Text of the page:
Looseboy’s Talentless Nana (Japanese: 無能なナナ, Hepburn: Munō na Nana ) is a superhuman manga series. It is illustrated by Iori Furuya. Talentless Nana has been serialized in Square Enix’s shōnen manga magazine Monthly Shōnen Gangan since May 2016. Volume One covers the first four chapters.
Plagued by the monstrous Enemies of Humanity, humanity elects to send children with special Talents — telekinesis, pyrokinesis, time travel, and more — to an elite teaching facility on an isolated island to prepare them for their role in humanity’s future. Alas, not all of the students are inherently heroic. Some of them are downright bullies, gleeful at the licence granted by their superhuman powers.
For timid Nanao Nakajima, the school is hell. Incessantly bullied, he is too shy to admit the nature of his power. Nevertheless, he has a secret dream: he’ll be a leader. His friend Nana Hiiragi is determined to help Nanao reach his proper potential.
Nana is one of the facility’s newest enrollees; her Talent is mind reading. She is endlessly energetic and determined to befriend as many of her fellow students as she can. Social pariah Nanao soon catches her eye as someone who could use her unique skills.
In fact, while Nanao’s power is not an offensive one, it’s powerful. He can nullify the Talents of other Talented people. A carelessly flung fireball provides Nanao with the chance to demonstrate his Talent, as he saves a crowd of students by dissipating the flames before they can burn anyone.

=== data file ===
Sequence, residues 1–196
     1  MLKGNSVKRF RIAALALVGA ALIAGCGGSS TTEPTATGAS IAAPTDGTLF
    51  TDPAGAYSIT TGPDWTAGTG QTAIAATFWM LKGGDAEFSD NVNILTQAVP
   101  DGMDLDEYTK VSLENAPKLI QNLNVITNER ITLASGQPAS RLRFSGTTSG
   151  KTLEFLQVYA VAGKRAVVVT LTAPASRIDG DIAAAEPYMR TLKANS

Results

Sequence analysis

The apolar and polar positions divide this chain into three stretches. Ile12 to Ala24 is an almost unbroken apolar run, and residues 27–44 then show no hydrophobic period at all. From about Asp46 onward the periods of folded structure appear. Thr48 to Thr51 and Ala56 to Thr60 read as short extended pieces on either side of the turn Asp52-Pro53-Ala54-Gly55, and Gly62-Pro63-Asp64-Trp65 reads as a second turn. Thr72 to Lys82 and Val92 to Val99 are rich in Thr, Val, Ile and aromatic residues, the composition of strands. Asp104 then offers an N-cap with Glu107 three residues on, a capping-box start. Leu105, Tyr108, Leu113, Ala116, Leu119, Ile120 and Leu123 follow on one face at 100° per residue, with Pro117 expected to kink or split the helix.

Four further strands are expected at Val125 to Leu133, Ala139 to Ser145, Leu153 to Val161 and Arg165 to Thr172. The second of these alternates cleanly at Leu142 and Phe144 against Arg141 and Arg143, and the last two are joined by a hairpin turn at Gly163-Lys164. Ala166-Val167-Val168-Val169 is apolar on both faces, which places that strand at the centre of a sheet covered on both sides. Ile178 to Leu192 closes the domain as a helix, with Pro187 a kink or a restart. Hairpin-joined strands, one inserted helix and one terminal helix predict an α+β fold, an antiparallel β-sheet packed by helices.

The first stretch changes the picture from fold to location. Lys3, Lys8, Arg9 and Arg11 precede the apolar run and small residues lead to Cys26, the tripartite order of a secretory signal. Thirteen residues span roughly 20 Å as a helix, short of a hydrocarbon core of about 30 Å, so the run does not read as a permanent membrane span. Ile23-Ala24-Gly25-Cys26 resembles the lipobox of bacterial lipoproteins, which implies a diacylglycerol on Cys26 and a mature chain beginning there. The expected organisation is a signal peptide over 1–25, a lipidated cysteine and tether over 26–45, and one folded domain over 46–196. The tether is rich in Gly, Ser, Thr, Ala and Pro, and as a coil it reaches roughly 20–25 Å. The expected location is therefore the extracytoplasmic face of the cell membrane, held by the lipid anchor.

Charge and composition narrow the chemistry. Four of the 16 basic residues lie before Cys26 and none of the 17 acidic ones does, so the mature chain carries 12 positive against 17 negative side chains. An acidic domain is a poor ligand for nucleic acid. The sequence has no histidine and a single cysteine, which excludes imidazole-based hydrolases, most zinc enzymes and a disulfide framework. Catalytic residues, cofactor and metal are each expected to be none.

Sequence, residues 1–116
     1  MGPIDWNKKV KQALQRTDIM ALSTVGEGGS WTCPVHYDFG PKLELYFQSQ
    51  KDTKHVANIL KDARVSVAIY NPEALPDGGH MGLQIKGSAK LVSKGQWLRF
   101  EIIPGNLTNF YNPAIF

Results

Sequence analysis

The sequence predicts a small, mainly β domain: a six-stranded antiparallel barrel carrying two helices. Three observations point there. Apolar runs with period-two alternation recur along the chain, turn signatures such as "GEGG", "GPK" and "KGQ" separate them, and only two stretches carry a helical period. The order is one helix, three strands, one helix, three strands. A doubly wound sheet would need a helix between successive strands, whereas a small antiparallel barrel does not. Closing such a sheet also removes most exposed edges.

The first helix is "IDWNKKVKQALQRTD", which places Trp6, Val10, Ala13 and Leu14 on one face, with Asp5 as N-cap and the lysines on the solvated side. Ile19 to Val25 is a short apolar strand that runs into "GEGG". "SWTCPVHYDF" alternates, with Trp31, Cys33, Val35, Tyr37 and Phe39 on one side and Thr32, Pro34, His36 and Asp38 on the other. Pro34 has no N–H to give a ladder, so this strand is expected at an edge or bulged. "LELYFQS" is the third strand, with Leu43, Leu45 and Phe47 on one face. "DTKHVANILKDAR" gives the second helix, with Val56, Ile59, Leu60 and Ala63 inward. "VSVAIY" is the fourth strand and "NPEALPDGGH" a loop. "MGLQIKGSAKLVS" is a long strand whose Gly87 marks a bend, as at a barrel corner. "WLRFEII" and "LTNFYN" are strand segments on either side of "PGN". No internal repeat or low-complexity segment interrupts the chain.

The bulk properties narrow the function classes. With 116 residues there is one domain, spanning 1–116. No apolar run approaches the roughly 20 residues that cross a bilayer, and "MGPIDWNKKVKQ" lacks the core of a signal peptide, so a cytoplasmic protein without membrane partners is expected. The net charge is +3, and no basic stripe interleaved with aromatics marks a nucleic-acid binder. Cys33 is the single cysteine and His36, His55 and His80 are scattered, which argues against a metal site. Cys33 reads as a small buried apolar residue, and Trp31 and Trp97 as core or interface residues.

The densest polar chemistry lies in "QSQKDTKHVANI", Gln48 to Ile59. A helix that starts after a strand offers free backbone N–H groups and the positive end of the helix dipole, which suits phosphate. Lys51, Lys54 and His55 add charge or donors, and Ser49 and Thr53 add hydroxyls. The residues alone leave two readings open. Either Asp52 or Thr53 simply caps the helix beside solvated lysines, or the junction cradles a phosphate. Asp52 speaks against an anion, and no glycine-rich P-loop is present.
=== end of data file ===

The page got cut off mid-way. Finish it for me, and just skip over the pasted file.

Adulation follows Nanao’s act of selfless heroism. In short order, his fellow students select him as the class leader. Confident now that her assessment of Nanao was correct, Nana propels the reluctant young man towards his true destiny! Which is to say, having confirmed the boy is indeed a danger to powerless humanity, Nana pushes him off a cliff towards the rocks far below.
Nana has not a jot of Talent. Her supposed mind reading is nothing more than observational skills and deduction. What she does have is cunning, an impressive array of homicidal skills, and a burning determination to protect humanity from the Enemies of Humanity. Which is to say, the superpowered freaks on the island.
Nanao is merely her first victim. More will follow.
You might ask “having collected the Talented in one place, why does the government not simply nuke the school?” The answer seems to be that they’re worried — quite rightly, as it turns out — that they cannot be sure all of the students would die. WMDs might simply winnow down the Talented to those whose gifts make them invulnerable to humanity’s most powerful weapons, while handing those survivors a very good reason to turn on humanity. Thus, Nana’s subtle homicide campaign. Try not to think about the consequences if her fellow students ever catch on to what’s happening, as indeed they might.
One might also wonder why those in power don’t try to steer the Talented into socially productive roles. True, the school claims to be doing that, but in practice, the students are left to their own devices. This is because at least some authority figures see the mere existence of Talented people as a threat. The Talented are, they feel, a natural aristocracy and to tolerate them is to submit to eventual Talented rule.
The author plays reasonably fair with the plot; thus far, Nana’s schemes are working because nobody is aware she’s murdering her way through the student body. Even so, there are signs her observational skills have limits, that at least one of the students can shrug off the worst she has to offer, and that it is only a matter of time before her brighter schoolmates connect the dots supplied by a string of curious disappearances.
This was something short of a feel-good manga. It’s a lot closer to Battle Royale or Shin Sekai Yori than it is to, oh, Dainana Joshikai Houkou . It’s part of that grand tradition of novels about teenagers being horribly abused by authority figures in the name of the Greater Good.
Talentless Nana is available on Crunchyroll.